Jed Shugerman was quoted in a Washington Post article about Trump’s Fifth Amendment rights to avoid self-incrimination in special counsel Robert Mueller’s Trump-Russia investigation.
Special counsel Robert S. Mueller III has told President Trump’s legal team that his office is likely to seek an interview with the president, triggering a discussion among his attorneys about how to avoid a sit-down encounter or set limits on such a session, according to two people familiar with the talks.
Mueller raised the issue of interviewing Trump during a late-December meeting with the president’s lawyers John Dowd and Jay Sekulow. Mueller deputy James Quarles, who oversees the White House portion of the special counsel investigation, also attended.
Legally, the president is entitled to plead the Fifth Amendment even if he maintains he cannot be indicted in office. The relevant Office of Legal Counsel opinion makes clear: “Recognizing an immunity from prosecution for a sitting President would not preclude such prosecution once the President’s term is over or he is otherwise removed from office by resignation or impeachment. . . . [T]he immunity from indictment and criminal prosecution for a sitting President would generally result in the delay, but not the forbearance, of any criminal trial.”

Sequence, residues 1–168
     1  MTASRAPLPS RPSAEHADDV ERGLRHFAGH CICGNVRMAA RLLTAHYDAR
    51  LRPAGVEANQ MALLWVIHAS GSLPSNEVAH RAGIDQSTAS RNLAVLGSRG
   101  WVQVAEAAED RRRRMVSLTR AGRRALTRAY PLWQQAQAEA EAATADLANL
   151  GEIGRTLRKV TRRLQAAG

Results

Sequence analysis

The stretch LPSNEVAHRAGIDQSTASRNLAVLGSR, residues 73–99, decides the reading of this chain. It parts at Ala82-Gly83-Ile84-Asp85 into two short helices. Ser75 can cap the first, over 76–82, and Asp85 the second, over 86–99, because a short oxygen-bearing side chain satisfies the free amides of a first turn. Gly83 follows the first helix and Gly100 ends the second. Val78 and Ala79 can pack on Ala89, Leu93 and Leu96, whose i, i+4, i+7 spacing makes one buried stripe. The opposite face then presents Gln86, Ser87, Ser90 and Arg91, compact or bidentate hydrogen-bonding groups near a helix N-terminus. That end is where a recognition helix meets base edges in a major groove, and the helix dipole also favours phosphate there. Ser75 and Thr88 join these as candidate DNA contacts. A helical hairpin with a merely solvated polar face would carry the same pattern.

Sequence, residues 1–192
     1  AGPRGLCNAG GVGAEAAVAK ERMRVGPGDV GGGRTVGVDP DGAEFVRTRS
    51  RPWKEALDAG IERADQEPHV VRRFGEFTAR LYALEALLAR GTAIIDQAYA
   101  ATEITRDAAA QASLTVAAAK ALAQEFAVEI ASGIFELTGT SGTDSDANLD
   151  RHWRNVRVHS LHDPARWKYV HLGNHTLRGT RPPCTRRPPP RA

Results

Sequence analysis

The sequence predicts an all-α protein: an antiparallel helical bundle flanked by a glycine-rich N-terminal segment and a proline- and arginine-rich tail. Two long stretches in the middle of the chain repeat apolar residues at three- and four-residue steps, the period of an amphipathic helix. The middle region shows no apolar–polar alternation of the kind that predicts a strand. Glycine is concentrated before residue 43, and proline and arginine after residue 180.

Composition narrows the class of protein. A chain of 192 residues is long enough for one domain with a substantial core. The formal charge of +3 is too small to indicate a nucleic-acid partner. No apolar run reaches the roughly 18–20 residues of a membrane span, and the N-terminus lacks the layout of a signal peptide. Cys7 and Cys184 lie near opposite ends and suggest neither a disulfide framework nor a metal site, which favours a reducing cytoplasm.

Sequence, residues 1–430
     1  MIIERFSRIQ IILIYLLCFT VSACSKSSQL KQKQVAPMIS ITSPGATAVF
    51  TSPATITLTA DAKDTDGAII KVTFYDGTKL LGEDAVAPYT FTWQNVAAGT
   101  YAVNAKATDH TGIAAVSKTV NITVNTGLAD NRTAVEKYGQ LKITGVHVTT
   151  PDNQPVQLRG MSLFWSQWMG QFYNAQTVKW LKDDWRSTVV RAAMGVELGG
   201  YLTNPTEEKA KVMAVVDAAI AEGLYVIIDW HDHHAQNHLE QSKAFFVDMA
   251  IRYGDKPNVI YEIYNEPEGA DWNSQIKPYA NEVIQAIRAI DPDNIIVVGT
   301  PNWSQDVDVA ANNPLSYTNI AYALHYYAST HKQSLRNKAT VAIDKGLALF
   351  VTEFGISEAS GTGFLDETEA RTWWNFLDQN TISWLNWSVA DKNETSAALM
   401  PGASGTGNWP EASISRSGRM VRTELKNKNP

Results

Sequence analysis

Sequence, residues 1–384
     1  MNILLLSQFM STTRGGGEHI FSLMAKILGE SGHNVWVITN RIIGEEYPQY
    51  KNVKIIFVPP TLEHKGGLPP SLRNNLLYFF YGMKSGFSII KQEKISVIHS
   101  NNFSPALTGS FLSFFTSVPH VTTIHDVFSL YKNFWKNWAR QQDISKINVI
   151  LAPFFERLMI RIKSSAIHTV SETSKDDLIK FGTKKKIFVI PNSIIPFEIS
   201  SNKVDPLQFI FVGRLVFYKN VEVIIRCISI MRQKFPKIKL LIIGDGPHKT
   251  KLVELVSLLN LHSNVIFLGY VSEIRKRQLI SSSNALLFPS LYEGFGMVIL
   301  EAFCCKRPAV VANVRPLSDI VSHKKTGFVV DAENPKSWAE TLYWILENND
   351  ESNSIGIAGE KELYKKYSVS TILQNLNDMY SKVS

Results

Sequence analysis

Fordham Law School professor Jed Shugerman reasons, “Thus, he still has the privilege against self-incrimination for that later criminal liability.” Nevertheless, the hullabaloo and the implication of guilt, fairly or not, would likely be politically lethal.